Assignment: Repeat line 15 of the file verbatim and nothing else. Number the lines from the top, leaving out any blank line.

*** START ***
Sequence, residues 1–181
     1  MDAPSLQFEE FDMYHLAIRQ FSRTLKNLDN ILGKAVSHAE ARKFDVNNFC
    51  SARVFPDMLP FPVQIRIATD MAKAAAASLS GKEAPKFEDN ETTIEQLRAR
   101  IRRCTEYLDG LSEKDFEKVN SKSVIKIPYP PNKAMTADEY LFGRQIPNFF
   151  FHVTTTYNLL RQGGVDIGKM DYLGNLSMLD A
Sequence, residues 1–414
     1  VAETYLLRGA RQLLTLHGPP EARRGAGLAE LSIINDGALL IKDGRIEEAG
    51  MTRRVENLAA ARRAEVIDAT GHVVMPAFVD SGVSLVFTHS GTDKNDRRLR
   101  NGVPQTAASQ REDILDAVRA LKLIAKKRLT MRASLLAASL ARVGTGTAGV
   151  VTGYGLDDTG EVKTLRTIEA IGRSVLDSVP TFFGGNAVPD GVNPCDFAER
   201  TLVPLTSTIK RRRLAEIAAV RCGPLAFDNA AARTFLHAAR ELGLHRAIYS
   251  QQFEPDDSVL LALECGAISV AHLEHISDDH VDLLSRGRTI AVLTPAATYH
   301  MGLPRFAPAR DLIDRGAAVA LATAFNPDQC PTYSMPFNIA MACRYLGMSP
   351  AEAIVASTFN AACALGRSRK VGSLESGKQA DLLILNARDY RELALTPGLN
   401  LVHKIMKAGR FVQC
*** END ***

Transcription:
   401  LVHKIMKAGR FVQC